The heat is always on at Erta Ale volcano in Ethiopia. In East Africa’s Danakil (or Afar) Depression, three tectonic plates are pulling apart from each other, allowing magma to rise to the surface and feed several active volcanoes. Erta Ale is located in this rift zone and is Ethiopia’s most active volcano.
The volcano is known as the “smoking mountain” and the “gateway to hell” in the Afar language. A lava lake in its summit crater, shown in the inset (above), has roiled since at least 1967 and possibly since 1906. The image was acquired by the OLI (Operational Land Imager) on Landsat 8 on November 27, 2023, and includes an infrared signal (red) produced by the heat of molten rock.
In a recent spate of activity, satellites detected thermal anomalies in the summit crater starting in mid-September 2023. According to reports from the Global Volcanism Program, anomalies observed over the ensuing weeks likely corresponded to eruptions from spatter cones and small lava flows within the crater. Much of scientists’ understanding of Erta Ale’s volcanism comes from satellite observations since the area is remote and largely inaccessible for field study.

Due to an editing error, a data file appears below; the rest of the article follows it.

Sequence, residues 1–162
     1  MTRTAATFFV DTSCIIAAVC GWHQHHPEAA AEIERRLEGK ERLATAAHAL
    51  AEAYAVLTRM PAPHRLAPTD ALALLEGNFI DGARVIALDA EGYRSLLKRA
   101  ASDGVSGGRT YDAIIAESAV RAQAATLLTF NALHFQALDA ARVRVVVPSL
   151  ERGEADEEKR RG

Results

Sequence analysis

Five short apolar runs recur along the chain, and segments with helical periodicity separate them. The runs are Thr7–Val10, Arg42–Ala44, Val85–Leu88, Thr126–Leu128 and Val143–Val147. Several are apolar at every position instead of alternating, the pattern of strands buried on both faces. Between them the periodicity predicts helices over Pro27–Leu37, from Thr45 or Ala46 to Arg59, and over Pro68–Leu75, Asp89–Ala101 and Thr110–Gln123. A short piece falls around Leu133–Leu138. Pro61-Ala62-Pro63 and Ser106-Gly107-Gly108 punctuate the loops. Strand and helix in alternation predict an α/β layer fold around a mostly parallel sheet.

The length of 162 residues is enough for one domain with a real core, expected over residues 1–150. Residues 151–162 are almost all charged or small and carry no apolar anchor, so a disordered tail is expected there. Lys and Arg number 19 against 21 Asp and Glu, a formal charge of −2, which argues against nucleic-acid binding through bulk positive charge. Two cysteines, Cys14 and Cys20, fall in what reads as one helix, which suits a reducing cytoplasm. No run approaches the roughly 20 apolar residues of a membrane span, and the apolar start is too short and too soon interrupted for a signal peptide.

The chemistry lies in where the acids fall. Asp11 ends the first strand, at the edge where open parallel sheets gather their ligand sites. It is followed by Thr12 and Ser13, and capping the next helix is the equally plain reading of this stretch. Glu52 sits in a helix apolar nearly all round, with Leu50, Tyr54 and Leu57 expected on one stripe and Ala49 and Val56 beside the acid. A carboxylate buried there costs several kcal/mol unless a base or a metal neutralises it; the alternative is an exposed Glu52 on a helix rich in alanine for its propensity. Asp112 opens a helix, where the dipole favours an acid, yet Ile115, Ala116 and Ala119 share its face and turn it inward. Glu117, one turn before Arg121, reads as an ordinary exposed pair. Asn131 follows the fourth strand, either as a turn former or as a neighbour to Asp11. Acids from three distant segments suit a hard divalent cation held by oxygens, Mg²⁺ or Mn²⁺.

While activity is common at the summit, lava flows also occur on other parts of the mountain. Notably, from January 2017 to March 2020, fissure eruptions in the southeast caldera produced a large volume of basaltic lava that poured down the volcano’s flanks. The flows covered approximately 30 square kilometers (12 square miles), some of which is visible in this image extending to the northeast and southwest.
NASA Earth Observatory image by Lauren Dauphin, using Landsat data from the U.S. Geological Survey. Story by Lindsey Doermann.